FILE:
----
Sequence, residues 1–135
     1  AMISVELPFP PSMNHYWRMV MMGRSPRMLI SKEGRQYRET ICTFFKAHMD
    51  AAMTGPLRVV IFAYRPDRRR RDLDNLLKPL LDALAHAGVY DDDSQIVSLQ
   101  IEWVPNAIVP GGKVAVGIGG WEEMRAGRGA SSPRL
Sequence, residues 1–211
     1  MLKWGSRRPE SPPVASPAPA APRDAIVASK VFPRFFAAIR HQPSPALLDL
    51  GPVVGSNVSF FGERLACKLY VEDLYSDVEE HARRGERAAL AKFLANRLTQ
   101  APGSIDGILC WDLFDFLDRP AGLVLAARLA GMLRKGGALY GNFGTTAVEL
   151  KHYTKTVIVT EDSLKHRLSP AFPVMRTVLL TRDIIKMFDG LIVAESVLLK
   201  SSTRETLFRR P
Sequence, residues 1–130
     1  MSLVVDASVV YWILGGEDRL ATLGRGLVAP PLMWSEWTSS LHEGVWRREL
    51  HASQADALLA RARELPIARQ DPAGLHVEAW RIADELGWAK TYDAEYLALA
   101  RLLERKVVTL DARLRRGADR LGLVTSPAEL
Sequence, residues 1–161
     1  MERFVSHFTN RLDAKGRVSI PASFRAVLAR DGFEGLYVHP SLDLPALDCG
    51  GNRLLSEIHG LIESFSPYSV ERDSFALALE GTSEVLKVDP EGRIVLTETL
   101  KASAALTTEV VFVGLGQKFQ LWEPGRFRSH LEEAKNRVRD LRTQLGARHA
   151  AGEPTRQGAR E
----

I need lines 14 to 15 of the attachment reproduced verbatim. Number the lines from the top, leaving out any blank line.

   101  RLLERKVVTL DARLRRGADR LGLVTSPAEL
Sequence, residues 1–161